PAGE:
Thursday, December 12, 2013

Has the U.S. killed a future Mandela?

I addressed this question in a Letter to the Editor published by The Washington Post online on December 11, 2013. Here is the letter, with the Post’s headline and links that the Post nicely provided for more information. (A slightly different version of this letter, revised by the Post and approved by me, was published in the print edition of December 12th, Page A18.)

Mandela ‘terrorist’ label calls into question U.S. drone policy

Beginning in 1988, the U.S. officially considered Nelson Mandela’s political party, the African National Congress, to be a terrorist organization. Mr. Mandela himself was placed on the U.S. terrorist watch list until 2008.

In his speech at Northwestern University, on March 5, 2012Attorney General Eric H. Holder Jr. defended the killing of terrorists, designated as such by the executive branch, as legal and as requiring no judicial review. Mr. Holder was responding in particular to the prior Sept. 30 drone killings of U.S. citizen Anwar al-Awlaki and, two weeks later, his 16-year-old son. Prior to and since then, numerous such “terrorists” have been killed.

If the U.S. government can err so completely as to view Mr. Mandela as a terrorist threat until 2008, then it can err today in deciding who is and who is not a terrorist. If the United States had had the drone capability and “legal” rationale in 1988 that it has today, it might have killed Mr. Mandela. There may be someone who would have been a Mandela of the future had not he or she been killed, quite “legally,” by the U.S. government in a drone attack.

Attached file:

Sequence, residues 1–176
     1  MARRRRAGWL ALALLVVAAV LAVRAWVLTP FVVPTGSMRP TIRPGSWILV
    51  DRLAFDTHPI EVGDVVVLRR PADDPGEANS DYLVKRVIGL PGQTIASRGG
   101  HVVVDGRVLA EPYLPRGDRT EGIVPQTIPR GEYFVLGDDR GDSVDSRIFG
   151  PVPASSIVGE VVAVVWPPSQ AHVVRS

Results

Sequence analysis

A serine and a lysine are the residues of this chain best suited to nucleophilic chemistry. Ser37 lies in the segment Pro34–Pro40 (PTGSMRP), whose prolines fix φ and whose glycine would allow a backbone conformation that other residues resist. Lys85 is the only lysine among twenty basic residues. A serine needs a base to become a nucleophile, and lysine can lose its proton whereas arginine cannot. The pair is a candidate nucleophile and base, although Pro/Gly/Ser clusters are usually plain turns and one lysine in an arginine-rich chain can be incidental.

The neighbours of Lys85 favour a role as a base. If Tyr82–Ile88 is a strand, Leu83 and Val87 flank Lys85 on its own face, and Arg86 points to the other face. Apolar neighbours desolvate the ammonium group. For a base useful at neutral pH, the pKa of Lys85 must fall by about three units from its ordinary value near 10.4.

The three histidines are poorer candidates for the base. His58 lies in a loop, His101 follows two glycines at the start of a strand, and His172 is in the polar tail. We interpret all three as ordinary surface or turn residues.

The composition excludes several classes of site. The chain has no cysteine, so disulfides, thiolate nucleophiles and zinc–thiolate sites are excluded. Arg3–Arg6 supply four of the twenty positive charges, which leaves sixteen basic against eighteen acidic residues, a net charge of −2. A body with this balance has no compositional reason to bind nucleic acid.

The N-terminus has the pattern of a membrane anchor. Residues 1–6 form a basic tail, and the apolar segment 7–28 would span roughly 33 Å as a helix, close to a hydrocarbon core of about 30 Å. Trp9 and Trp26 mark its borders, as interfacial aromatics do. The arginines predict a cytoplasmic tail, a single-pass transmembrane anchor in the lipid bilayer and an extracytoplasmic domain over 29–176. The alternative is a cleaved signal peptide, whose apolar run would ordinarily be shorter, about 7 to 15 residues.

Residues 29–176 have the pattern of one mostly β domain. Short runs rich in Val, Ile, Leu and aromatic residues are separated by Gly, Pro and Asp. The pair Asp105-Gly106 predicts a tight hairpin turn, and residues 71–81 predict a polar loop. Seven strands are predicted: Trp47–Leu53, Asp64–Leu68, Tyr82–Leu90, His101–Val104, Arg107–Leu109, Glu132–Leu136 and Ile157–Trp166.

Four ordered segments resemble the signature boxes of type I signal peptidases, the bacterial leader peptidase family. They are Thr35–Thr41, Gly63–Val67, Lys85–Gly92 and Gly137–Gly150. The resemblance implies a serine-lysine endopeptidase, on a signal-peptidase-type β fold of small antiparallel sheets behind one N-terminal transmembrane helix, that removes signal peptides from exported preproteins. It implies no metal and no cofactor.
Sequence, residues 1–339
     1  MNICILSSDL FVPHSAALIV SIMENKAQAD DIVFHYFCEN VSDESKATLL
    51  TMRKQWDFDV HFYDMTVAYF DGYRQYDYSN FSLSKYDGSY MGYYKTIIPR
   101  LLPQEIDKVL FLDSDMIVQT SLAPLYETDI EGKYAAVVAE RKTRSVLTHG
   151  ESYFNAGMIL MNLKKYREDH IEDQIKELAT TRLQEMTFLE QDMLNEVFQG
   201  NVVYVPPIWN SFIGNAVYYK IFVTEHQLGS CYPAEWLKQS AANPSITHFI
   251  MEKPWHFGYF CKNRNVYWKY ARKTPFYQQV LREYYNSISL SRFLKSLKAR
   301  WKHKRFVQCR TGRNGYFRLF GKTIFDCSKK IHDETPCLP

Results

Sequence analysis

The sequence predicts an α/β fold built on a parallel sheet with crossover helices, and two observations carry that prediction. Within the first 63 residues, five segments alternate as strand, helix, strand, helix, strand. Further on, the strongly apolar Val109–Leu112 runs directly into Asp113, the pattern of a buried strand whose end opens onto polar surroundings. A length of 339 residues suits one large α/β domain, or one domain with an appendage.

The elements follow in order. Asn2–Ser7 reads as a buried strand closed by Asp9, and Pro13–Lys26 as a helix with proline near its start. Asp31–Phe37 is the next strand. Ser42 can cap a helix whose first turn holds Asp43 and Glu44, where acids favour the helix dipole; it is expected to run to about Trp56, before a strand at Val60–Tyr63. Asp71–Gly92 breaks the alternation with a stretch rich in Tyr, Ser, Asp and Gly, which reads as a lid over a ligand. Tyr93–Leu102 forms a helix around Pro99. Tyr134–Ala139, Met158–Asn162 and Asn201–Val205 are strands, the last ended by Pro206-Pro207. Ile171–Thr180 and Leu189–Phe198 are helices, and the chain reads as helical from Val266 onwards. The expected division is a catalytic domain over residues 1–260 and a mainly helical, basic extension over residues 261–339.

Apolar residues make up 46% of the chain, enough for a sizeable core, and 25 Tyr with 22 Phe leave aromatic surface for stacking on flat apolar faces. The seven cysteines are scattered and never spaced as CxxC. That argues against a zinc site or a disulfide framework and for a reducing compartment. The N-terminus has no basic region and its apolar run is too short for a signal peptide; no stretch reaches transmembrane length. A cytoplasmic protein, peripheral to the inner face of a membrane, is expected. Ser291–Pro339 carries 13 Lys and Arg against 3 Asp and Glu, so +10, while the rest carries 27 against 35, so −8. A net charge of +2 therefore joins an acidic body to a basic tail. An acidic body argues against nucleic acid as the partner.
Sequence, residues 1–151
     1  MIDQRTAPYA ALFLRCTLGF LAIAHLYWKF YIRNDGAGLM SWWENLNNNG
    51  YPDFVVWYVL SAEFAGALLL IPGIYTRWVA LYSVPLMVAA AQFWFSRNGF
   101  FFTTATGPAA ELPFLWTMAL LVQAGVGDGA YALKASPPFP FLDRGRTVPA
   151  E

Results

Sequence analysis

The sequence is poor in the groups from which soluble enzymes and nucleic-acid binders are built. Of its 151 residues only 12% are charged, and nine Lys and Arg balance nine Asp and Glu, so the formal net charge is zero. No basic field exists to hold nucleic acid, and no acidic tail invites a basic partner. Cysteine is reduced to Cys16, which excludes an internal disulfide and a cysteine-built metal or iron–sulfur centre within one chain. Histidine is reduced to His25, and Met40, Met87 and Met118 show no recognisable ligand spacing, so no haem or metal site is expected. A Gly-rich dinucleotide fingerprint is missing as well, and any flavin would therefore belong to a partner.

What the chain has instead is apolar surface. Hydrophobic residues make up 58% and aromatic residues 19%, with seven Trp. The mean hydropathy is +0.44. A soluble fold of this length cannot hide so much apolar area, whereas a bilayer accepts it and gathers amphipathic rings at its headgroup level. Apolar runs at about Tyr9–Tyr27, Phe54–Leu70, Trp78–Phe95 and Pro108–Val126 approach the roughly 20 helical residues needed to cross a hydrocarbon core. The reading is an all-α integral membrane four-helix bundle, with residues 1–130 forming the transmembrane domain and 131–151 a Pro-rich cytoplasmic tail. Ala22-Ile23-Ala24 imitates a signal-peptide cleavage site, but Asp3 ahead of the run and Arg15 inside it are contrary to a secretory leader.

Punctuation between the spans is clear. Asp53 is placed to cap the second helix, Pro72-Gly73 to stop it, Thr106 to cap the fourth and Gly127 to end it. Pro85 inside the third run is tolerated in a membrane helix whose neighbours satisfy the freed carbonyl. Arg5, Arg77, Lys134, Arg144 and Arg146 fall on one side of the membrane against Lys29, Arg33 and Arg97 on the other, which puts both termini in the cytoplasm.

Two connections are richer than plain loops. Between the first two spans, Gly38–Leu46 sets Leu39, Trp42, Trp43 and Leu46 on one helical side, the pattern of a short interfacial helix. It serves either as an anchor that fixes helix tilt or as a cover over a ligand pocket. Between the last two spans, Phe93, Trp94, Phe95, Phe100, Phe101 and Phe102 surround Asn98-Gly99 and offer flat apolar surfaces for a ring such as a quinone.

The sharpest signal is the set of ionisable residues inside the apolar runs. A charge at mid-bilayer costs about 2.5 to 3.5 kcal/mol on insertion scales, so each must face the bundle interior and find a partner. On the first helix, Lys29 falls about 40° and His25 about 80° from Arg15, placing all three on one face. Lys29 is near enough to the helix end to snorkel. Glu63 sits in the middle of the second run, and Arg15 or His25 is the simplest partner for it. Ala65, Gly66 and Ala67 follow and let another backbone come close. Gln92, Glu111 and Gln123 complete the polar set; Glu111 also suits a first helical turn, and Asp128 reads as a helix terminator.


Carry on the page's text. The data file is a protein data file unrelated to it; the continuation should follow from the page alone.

John L. Hodge, Jamaica Plain, Mass.

Another article, an op-ed in The Boston Globe by Boston civil liberties attorney Harvey Silvergate and his assistant, Juliana DeVries, points out the threat to freedom of speech contained in the U.S. government’s concept of a “terrorist”: “Terrorism ruling assaults civil liberties.” 

The creeping expansion of the “terrorist” label is similar to what happened in the 1950s, which led to the frequent labeling of anyone who advocated for social change from the left, including Martin Luther King, a “communist.” Many people so labeled lost their jobs and some went to jail. Similarly, as the Silvergate/DeVries article indicates, “terrorists” are being targeted and sent to jail, and perhaps killed, based not on what they do but on what they think and say and their associations.

In 1957, the U.S. Supreme Court eventually put an end to the prosecution and jailing of “communists” based on their beliefs, expressions, and associations. (See its opinions, particularly the concurring views of Justices Black and Douglas, in Yates v.United States, 354 U.S. 298 (1957).) That Court was probably more liberal than the Court today: In Yates the conservative side of the bench produced only one dissent that favored the prosecution.

The only thing that separates us from a repeat of the oppressive anti-communist crusades of the 1950s, renamed the “war on terror,” is the time between now and the potential future. What that future will be, and when it might arrive, will depend on what we do today.

Also see my prior blogs on this subject: